Any ideas why this new "better" machine is causing severe dry mouth, when my mask hasn't changed?
I have ordered a full face mask (ResMed AirFit F10) but don't have it yet.

Thanks,
John

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#6
Payton,

I am not anxious to have to use a chin strap, but how do you go about getting the right one?

John


(04-17-2016, 01:08 PM)PaytonA Wrote: What Rose says +1. Another thing is that the FFM may not cure your dry mouth. It does maintain your therapeutic pressure in the case of mouth breathing/leaks but unless you can seal your mouth off you may still get dry mouth. I wear a chin strap with my FFM in order to avoid dry mouth. Then there is the problem of getting the right chin strap.

Good luck

Best Regards,

PaytonA

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#7
chin straps are low cost typically less than $20, I would try them out and see what works for me. Lower cost than trying out a bunch of masks
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#8
(04-17-2016, 12:39 PM)john mayo Wrote: Hello All,
I have used a Respironics CPAP (no data reporting) for 4 years with no problems with dry mouth. Now I have upgraded to a ResMed AirSense 10 Autoset, and am having severe dry mouth every night. The old CPAP was set at 10cm pressure, and the APAP is running about 13cm on average. I use auto climate control on the ResMed, with hose temp set at 82 degrees. I have tried setting humidifier to 5, and hose temp to 72 degrees, but nothing changed with dry mouth.
What was the humidifier set to with the old Respironics CPAP? That's the one piece of missing data here.

Higher pressure could mean more drying of your nasal and oral tissues. Or it could be a difference in how the humdifiers on the two machines work.


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#9
Hi john mayo,
WELCOME! to the forum.!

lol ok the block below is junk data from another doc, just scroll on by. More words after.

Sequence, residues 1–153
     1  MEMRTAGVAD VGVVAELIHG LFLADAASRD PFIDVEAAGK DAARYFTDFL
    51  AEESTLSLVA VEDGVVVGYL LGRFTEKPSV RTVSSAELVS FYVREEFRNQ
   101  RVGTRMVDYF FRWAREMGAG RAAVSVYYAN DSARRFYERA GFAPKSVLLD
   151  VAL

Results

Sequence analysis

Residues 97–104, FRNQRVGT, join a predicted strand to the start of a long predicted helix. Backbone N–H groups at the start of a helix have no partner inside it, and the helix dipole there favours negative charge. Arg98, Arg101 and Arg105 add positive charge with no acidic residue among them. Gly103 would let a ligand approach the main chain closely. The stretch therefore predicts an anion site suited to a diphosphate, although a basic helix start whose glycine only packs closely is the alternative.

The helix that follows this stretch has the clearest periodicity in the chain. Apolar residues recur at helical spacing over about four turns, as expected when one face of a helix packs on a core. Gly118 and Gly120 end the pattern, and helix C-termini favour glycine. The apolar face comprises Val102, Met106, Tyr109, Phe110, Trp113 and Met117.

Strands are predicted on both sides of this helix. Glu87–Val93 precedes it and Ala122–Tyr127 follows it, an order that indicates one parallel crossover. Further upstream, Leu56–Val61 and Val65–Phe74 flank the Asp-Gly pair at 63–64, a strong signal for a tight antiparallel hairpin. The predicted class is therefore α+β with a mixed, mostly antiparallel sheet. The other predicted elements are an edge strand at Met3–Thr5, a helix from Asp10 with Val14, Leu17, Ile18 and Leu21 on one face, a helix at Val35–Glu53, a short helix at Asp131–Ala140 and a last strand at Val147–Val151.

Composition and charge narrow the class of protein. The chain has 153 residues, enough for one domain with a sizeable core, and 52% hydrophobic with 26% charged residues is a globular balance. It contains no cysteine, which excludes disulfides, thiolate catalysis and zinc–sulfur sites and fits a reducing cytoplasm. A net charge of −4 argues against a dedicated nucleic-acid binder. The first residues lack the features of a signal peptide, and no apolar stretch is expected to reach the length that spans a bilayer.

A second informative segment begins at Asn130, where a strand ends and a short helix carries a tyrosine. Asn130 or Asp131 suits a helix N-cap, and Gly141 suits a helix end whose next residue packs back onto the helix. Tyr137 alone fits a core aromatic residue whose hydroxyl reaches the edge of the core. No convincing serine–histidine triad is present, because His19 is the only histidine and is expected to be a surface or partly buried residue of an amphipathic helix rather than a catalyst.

Much success to you as you continue your CPAP therapy and hang in there for more responses to your post.
trish6hundred
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#10
Robysue,

There are no settings on the Respironics humidifier - it just ran. That was the most basic of the Respironics machines - what insurance would pay for, I guess. It only had 3 settings for various altitudes, and no other settings of note.

I think the Respironics humidifier held a bit more water than the ResMed, but I haven't tested the difference. I am suspecting that it is just the higher pressure, moving more air, that is drying me out.
I might be tempted to set the ResMed up as a CPAP machine and set the pressure back to a constant 10cm, which can be done. But then I lose a lot of the functionality I paid for as an APAP. I guess I could do an experiment to try that one night and see if I am still dry in the morning.

My oximeter readings when I was using the old machine indicated that I was not having oxygen problems, so it seems that 10cm was doing the job. I guess I just wanted to have the automatic adjusting features of the new machine, as well as the data reporting. Kinda like having your own sleep lab. But now I wonder if it is worth it if I have to change masks and/or go to a chin strap?
John

(04-17-2016, 03:13 PM)robysue Wrote:
(04-17-2016, 12:39 PM)john mayo Wrote: Hello All,
I have used a Respironics CPAP (no data reporting) for 4 years with no problems with dry mouth. Now I have upgraded to a ResMed AirSense 10 Autoset, and am having severe dry mouth every night. The old CPAP was set at 10cm pressure, and the APAP is running about 13cm on average. I use auto climate control on the ResMed, with hose temp set at 82 degrees. I have tried setting humidifier to 5, and hose temp to 72 degrees, but nothing changed with dry mouth.
What was the humidifier set to with the old Respironics CPAP? That's the one piece of missing data here.

Higher pressure could mean more drying of your nasal and oral tissues. Or it could be a difference in how the humdifiers on the two machines work.